(Reuters) - Brent crude held steady above $102 per barrel on Monday on optimism over the outlook for demand growth as China's Premier Wen Jiabao said the government would step up efforts to boost the economy of the world's second-largest oil consumer.
Oil prices rallied on Friday after China's economy expanded in line with expectations, easing concerns a slowdown in Europe was hurting a lot more than expected. Even though growth slowed for the sixth successive quarter, Asian shares and the euro extended their rally on Monday on signs the steps Beijing has taken so far were underpinning the economy.
Brent crude rose 6 cents to $102.46 a barrel by 0638 GMT. Prices settled $1.33 higher on Friday, crossing the 50-day moving average below $102 for the first time since April.
U.S. oil fell 27 cents to $86.83 a barrel, after ending $1.02 higher. The contract also pushed above its 50-moving average of $87.50 for the first time since May on Friday.
Short-term sentiment should be good for oil as well as other risk assets. It is a combination of two factors -- China's growth coming in in line with expectations and hopes for more measures to boost the economy, said Ben Le Brun, a markets analyst at OptionsXpress in Sydney.
We are seeing prices come off a bit due to profit-taking. Any dips will face quite strong support levels.
China's Wen said efforts to stabilize the economy were working and the government would step up efforts in the second half of the year to increase policy effectiveness and foresight, the Xinhua news agency reported on Sunday. He said the economy was running at a more stable pace of growth.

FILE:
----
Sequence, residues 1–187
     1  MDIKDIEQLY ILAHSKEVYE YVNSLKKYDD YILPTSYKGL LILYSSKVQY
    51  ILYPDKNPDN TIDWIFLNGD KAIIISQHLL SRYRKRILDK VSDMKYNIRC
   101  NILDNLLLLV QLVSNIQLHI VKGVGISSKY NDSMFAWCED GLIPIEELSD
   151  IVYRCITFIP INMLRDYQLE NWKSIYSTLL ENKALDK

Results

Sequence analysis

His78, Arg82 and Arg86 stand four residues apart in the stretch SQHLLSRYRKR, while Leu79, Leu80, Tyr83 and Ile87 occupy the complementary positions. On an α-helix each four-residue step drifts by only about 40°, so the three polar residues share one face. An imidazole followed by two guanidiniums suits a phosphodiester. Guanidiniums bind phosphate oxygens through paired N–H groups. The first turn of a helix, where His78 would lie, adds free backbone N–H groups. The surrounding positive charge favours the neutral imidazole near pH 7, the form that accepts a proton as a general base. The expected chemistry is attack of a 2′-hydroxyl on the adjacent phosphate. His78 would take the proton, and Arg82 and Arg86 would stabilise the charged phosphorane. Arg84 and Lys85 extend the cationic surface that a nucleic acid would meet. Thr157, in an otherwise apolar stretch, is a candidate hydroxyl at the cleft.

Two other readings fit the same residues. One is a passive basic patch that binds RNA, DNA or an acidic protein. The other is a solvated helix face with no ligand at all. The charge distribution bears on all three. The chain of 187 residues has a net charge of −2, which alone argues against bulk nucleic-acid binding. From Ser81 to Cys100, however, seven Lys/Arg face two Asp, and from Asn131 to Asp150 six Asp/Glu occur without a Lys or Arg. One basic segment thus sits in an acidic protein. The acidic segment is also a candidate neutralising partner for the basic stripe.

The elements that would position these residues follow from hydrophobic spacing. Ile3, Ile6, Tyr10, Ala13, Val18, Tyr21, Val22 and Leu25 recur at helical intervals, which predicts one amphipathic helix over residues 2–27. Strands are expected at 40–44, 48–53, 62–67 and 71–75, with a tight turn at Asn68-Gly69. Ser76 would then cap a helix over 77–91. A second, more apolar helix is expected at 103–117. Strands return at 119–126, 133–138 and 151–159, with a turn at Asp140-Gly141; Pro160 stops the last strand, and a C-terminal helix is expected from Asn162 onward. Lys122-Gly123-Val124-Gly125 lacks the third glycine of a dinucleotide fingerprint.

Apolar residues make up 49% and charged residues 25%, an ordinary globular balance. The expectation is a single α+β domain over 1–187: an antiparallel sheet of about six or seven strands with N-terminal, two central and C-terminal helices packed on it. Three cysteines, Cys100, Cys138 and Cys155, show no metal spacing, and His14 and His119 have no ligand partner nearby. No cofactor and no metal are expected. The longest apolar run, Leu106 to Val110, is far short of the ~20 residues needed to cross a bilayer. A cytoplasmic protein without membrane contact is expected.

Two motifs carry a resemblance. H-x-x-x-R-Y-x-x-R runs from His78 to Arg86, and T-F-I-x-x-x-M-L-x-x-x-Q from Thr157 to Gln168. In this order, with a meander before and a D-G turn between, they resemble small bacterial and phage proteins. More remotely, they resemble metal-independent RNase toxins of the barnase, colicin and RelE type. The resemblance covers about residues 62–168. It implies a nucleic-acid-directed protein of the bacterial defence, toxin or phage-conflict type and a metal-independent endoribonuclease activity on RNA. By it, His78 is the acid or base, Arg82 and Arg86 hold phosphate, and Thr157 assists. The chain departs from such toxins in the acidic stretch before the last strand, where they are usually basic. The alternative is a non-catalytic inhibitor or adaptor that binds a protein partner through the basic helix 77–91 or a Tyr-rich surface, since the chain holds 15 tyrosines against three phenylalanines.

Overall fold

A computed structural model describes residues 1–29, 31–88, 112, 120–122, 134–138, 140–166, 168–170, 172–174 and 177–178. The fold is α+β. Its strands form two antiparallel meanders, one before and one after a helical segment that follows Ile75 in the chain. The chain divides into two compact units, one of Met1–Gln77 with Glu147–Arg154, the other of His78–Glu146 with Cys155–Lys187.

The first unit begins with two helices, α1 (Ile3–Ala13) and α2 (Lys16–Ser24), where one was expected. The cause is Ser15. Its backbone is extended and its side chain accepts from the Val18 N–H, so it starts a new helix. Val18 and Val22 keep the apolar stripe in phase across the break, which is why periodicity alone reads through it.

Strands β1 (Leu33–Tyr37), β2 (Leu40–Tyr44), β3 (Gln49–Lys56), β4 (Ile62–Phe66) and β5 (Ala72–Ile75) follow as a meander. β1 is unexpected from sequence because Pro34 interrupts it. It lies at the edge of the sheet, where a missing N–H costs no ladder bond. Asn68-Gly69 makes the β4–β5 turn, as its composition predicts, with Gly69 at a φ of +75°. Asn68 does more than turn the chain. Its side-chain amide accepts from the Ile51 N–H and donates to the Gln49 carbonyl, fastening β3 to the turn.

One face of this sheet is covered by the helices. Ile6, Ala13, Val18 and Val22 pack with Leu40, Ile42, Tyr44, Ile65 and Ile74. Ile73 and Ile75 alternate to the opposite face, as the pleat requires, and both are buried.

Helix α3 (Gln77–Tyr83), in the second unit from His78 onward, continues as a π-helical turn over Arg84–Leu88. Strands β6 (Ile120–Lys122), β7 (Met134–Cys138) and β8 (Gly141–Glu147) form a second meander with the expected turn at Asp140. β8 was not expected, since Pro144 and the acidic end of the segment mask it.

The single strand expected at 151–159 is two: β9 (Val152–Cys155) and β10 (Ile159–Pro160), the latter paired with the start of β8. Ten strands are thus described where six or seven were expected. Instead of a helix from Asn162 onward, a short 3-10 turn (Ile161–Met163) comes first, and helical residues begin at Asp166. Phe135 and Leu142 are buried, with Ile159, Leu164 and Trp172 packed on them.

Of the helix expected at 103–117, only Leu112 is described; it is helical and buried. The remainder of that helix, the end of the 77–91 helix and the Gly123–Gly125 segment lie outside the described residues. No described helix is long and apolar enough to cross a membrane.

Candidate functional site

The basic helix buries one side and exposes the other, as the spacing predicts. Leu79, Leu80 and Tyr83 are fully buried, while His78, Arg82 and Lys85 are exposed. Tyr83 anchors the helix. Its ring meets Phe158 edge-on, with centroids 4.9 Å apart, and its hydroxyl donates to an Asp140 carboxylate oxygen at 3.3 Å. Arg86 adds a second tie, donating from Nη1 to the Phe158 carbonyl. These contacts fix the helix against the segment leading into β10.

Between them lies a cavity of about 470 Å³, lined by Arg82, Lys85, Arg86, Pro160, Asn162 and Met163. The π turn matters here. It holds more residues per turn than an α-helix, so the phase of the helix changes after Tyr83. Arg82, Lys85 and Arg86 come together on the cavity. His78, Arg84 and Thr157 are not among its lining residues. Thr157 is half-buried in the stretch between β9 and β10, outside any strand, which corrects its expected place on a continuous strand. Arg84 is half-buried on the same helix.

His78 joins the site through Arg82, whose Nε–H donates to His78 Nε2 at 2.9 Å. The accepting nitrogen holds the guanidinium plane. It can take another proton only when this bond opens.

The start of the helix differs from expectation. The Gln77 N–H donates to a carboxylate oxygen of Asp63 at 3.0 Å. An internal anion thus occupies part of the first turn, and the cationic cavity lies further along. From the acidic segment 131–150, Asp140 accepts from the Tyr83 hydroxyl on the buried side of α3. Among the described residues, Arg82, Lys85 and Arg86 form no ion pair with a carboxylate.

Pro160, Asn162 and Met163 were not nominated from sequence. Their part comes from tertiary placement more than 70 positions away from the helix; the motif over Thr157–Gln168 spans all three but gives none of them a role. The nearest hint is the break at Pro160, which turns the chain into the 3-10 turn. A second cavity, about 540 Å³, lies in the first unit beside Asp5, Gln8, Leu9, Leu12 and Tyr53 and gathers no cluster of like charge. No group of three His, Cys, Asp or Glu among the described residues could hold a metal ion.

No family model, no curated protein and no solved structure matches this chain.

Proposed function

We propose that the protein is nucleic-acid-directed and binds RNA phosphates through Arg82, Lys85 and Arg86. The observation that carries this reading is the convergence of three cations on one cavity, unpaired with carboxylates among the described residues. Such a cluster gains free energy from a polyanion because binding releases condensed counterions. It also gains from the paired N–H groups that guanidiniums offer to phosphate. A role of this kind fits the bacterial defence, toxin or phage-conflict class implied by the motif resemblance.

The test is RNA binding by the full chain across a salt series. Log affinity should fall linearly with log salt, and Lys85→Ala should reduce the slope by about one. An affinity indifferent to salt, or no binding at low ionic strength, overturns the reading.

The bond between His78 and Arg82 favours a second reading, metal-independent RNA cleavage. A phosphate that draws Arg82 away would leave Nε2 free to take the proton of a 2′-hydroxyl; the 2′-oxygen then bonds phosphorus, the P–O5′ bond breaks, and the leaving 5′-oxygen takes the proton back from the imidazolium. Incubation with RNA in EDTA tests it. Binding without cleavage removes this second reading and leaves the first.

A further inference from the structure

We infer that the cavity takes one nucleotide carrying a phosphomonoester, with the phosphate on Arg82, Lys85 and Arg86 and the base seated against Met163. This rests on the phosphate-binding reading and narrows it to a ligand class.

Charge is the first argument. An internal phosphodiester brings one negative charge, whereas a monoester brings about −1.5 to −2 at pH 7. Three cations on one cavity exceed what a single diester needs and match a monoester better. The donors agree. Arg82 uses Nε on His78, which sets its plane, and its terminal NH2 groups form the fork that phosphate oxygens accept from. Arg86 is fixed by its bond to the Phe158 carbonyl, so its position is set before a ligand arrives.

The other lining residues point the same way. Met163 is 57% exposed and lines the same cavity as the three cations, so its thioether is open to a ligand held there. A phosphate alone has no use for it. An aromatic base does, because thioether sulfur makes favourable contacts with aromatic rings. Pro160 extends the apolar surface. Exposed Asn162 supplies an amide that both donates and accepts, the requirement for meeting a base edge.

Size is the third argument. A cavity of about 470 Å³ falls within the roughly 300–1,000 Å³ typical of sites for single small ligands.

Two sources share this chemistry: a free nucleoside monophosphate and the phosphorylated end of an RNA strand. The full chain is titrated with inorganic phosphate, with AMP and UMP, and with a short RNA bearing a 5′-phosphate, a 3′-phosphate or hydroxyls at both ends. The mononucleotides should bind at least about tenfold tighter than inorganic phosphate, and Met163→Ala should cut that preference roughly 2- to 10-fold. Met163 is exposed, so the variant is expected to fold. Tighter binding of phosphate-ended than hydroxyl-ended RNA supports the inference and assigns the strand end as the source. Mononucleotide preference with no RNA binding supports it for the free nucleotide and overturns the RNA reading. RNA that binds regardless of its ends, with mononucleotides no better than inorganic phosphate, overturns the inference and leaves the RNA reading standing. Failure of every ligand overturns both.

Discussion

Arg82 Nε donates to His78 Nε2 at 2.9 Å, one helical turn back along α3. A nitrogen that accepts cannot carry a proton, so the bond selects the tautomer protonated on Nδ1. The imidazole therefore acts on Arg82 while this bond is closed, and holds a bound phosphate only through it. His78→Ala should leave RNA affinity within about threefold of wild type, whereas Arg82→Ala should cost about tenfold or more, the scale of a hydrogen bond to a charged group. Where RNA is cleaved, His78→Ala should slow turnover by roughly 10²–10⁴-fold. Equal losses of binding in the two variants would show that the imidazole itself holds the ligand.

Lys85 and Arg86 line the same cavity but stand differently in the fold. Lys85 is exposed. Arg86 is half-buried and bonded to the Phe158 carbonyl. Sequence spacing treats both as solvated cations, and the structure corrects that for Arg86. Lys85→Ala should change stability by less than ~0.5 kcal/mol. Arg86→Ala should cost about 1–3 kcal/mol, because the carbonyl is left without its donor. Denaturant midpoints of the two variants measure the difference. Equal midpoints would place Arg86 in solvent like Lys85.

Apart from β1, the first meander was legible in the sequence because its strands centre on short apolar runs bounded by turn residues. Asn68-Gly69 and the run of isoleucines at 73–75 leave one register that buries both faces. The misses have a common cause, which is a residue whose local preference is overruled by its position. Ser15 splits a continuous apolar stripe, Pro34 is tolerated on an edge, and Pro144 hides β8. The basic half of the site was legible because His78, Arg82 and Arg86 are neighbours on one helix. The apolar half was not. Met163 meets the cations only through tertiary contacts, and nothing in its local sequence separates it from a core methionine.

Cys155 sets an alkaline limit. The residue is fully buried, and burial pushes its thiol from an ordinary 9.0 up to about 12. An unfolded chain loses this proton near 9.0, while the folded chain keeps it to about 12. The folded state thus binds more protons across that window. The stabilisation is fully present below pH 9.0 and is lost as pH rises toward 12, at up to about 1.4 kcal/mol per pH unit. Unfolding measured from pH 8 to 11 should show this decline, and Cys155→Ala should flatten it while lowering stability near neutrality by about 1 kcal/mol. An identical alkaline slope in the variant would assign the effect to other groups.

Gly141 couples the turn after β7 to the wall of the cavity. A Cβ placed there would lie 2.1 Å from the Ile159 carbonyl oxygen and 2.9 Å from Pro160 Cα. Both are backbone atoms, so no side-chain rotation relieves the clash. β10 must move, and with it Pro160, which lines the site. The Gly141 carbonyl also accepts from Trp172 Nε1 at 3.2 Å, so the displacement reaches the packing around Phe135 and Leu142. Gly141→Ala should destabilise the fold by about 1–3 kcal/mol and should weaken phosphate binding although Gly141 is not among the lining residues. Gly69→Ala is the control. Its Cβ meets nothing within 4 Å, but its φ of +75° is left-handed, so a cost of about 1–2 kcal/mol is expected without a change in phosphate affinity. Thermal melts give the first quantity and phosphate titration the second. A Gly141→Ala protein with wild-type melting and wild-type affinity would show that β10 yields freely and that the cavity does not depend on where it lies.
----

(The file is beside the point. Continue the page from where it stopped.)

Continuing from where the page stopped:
Prices are also drawing support from hopes Europe's fiscal crisis will stabilize after Chancellor Angela Merkel said on Sunday she was confident a majority of German lawmakers would back aid for Spain's ailing banks.
International risk markets are beginning to reposition for the possibility that the current international economic downturn is bottoming, said Ric Spooner, chief market analyst at CMC Markets, in a report.
Confidence, although brittle, has the potential for further improvement against a background of ongoing stimulus initiatives in China and stabilization of the situation in Europe.
A fresh warning by Iran to block the Strait of Hormuz, a conduit for 40 percent of the world's sea-borne oil exports, if its security is threatened, is also supporting prices. Tehran will increase its military presence in international waters, said Ali Fadavi, naval commander in Iran's elite Islamic Revolutionary Guard Corps (IRGC).
Brent has slipped 20 percent from the highs for the year touched in March despite concerns over supply disruptions in the Middle East as investors worry about demand growth amid a slowdown in the West.
A slew of announcements over the weekend that have helped improve the supply outlook are, however, capping price gains.
Yemen's oil minister said on Sunday the country may be able to resume exports as planned this week after tribesmen agreed to allow repairs to its main crude pipeline.
The presidents of Sudan and South Sudan on Saturday held their first talks since their countries came close to war in April, raising hopes for a negotiated settlement of oil and border disputes before an August 2 U.N. Security Council deadline.
The United Arab Emirates loaded its first cargo on Sunday from its long-awaited new oil export terminal on the Gulf of Oman as Iran renewed its threat to close the Strait of Hormuz.
Brent will retrace to $101.26 per barrel as a corrective wave cycle has been completed on the rise from the July 10 low of $97.73 to $103.44, while U.S. oil will rise to $88.98 per barrel after a moderate correction to $86.07 per barrel, according to Reuters technical analyst Wang Tao.
(Editing by Himani Sarkar)